A representative of a local grassroots group said he’ll ask Libertyville officials on Monday to effectively ban wind turbines from the village.
The meeting marks plan commissioners’ third discussion of wind turbines since last month, when the village enacted a six-month moratorium on the machines.
Dave Gates is a plaintiff in a lawsuit against Aldridge Electric Company, 844 East Rockland Road. He’s one of several residents who live between 200 and 700 feet from Aldridge’s 150-foot-tall wind turbine. They’ve formed Citizens for the Protection of Libertyville, which is waging the legal battle shut down the turbine.
“If we had our choice we would do what Grayslake did who said ‘keep them out of here,’” Gates said.
Grayslake officials voted in February to prohibit wind turbines in residential areas. Any other wind energy proposals must go before the board for approval.
Libertyville officials have proposed allowing wind turbines as long as they do not create noise louder than 45 decibels, said John Spoden, director of community development. The proposal also regulates “shadow flicker” created by wind turbines.
“Basically, they would have to show that there wouldn’t be a shadow on a neighboring property unless you are able to come to an agreement with a property owner that would have to be filed with the Lake County Recorder’s office,” Spoden said.
But 45 decibels is not quiet enough, Gates said.
“We would like to see 35 (decibels) max, not 45. They should not be obtrusive, 45 is the sound of a quiet car running next to your house,” Gates said.
He said the Aldridge turbine sounds like a helicopter.
“You have this ‘whoop, whoop, whoop’ sound over your house,” he said. It’s so irritating that he doesn’t want to open the windows in his home.
The village delayed authorizing wind turbines in March while the Lake County Wind Energy Task Force and Lake County Regional Planning Commission work on a wind energy model ordinance.
Libertyville used a draft of the county’s model ordinance to come up with its wording, Spoden said. The proposal also covers small wind turbines.
“Those also should be special use permits,” Spoden said. “That would be something not allowed by right. The overall height of any of these units, we’re proposing it couldn’t be any taller than the maximum height in that district. If somebody had a one-story house, they could put one up to about five feet on their roof. It has to meet requirements, such as it can’t make sun glints, it cannot have any lighting, advertising and it cannot create electromagnetic interference. It also could not be operated between 9 p.m. and 7 a.m.”
That does not satisfy Gates.
“We’re not thrilled it would be run at all because it would still be disruptive no matter what,” Gates said.
But he’s glad the plan commission is looking at the issue.
“The past ordinance they created for Mr. Aldridge was terrible,” Gates said.
It gave Aldridge clearance to build three commercial wind turbines, but a court order mandated the turbine that was installed could only run for part of the day, and the construction of the other two are on hold while the lawsuit is pending.
Ken Aldridge, CEO of Aldridge Electric Co. could not be reached for comment. But last year he said he had hoped the wind turbines would pay for themselves by generating energy the company could sell.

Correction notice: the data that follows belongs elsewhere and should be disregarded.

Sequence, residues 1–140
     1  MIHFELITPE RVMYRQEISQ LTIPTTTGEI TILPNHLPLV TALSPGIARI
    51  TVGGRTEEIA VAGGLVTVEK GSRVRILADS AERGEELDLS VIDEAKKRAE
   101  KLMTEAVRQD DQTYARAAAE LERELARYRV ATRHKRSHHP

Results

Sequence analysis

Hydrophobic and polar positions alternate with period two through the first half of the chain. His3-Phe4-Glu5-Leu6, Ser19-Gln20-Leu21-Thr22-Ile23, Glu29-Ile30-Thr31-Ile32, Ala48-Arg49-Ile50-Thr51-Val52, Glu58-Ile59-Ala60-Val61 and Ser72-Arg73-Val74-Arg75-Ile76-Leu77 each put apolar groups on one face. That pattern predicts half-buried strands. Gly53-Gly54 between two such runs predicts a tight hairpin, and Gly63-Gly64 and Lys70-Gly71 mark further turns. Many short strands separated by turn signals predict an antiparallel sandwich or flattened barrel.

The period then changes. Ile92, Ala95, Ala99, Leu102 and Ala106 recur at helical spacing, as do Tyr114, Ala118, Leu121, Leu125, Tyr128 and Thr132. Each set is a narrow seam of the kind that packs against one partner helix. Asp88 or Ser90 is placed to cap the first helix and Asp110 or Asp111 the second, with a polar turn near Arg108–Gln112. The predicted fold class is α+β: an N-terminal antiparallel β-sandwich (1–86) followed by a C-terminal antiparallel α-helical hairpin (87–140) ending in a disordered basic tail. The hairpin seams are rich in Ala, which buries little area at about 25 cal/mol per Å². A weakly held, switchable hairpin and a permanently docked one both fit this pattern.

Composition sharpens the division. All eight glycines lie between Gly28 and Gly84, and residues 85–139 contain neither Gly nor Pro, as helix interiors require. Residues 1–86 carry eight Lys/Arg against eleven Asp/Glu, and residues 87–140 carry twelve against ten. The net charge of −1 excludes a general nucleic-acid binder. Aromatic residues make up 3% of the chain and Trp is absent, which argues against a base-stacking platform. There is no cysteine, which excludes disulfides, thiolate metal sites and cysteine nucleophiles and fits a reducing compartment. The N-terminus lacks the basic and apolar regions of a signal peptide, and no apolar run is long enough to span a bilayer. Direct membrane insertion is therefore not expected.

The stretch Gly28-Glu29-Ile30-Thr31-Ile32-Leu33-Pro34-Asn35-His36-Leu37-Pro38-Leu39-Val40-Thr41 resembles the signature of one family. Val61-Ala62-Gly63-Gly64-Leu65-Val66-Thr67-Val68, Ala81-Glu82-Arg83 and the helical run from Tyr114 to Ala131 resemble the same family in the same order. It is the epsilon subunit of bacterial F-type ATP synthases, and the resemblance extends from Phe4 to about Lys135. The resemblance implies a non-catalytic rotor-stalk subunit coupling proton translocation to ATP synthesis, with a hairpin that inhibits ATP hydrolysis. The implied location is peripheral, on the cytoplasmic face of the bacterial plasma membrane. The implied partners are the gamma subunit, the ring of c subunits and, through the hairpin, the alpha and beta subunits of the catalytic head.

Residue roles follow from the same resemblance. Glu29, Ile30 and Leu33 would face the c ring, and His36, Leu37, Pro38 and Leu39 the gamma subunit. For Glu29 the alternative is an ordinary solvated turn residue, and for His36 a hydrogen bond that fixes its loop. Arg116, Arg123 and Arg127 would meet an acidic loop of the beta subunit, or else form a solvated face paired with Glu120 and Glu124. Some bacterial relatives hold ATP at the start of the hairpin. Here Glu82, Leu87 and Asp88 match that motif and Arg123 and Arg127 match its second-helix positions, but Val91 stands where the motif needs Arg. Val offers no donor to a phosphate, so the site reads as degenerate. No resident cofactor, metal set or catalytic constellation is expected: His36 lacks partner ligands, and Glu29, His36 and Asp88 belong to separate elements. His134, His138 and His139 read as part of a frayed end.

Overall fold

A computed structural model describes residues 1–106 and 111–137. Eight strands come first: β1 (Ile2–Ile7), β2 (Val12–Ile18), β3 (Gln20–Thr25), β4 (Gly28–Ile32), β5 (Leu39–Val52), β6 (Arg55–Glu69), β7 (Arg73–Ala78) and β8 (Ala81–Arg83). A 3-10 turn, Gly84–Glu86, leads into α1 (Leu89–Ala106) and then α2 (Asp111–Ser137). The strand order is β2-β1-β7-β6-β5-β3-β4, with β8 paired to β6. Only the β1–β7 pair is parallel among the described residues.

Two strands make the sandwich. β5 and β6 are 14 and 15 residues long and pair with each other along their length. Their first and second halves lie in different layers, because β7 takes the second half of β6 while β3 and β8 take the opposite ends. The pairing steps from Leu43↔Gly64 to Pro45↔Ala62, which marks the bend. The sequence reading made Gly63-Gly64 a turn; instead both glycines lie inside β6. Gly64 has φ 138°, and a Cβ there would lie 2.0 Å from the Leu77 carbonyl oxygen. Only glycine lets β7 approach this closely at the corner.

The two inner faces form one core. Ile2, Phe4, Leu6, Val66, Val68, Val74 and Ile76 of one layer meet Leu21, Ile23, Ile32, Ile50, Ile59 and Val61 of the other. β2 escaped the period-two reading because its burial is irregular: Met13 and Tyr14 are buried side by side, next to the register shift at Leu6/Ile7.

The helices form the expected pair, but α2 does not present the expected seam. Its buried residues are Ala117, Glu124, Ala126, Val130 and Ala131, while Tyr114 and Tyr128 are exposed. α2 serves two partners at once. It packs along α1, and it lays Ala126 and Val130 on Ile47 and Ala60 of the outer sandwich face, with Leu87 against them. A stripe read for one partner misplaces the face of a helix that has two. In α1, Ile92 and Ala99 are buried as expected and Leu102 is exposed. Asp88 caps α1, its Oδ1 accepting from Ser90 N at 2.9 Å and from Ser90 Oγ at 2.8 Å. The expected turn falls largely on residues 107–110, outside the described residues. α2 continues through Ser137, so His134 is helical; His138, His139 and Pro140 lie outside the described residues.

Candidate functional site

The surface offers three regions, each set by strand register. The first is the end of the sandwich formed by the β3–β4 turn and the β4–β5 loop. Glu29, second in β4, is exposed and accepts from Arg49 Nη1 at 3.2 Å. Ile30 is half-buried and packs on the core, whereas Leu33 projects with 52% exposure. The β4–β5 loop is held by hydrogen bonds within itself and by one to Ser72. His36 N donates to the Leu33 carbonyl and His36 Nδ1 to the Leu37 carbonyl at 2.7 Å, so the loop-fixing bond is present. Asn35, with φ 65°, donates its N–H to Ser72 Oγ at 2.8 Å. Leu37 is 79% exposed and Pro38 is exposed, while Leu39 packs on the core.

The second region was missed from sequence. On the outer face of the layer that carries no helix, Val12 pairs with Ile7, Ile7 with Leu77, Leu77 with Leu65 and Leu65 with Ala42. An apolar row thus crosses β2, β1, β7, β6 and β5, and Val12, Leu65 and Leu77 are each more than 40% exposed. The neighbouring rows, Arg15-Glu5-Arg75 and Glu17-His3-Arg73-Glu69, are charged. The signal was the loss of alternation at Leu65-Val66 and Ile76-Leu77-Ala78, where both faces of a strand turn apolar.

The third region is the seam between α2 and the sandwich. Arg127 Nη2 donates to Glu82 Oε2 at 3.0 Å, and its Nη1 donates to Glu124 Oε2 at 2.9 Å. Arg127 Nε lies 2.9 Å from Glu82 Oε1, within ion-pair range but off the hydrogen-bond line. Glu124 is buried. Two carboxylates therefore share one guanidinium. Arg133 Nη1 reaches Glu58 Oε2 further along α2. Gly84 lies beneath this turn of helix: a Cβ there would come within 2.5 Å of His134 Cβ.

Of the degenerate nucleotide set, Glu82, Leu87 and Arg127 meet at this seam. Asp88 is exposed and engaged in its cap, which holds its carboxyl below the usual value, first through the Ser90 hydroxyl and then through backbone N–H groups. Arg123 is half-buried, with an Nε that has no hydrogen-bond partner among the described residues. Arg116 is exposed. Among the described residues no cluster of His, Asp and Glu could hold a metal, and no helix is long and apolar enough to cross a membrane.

“It was our intent and we were permitted to run it 24 hours a day,” Aldridge said. “The pay back was 20 years on the turbine, but with the limited hours, the pay back is 50 years, which is not really worth it. I’m hoping we can get new operating hours.”
Aldridge said last year that he had not yet decided if he’ll shut down the Rockland Road turbine if he does not win the lawsuit.
Gates said he thinks Aldridge sold the village a bill of goods by saying the turbine would save energy and costs.
“We feel they’ve (the plan commission) really has taken the job seriously this time around and they realize we all got tricked,” Gates said. “We’re going there to support the plan commission because we think they’re taking a reasonable approach, but obviously we’d like to see them make the ordinance even tighter.”
If the plan commission approves the text amendment on Monday, the village board could discuss and possibly vote on the issue as early as May.
Even if the village board approves a favorable recommendation from the plan commission, it would not affect the Aldridge Electric Company turbine since it is still being litigated, Spoden said.
And it is possible the discussions will continue at the plan commission level after Monday, Spoden said.
“I think it’s going to be a continuation of a discussion. I do not know if the plan commission will be ready to vote on it or not,” Spoden said.
Gates has concerns about what will happen the plan commission makes its recommendation.
“We’re happy with the plan commission,” Gates said. “Our biggest fear is the village board will take their work and trash it.”
There should be a middle ground, said Mayor Terry Weppler.
“I think anybody would like to see alternative energy sources,” Weppler said. “We’re not against wind turbines then, but we don’t want there to be a negative impact on residents.”
If Citizens for the Protection of Libertyville loses its lawsuit, the second and third wind turbines Aldridge proposed to build in the past might not receive the mayor’s support in the future.
“If those wind turbines were the same as the one that is up now, and the same noise level, I would not support it. I personally don’t think that one works properly. I don’t think it ever has. I think it’s louder than it needs to be. I think a proper wind turbine in a different location would be okay if it doesn’t have any shadow flicker on properties and noise or shadow flicker on neighboring residents.”
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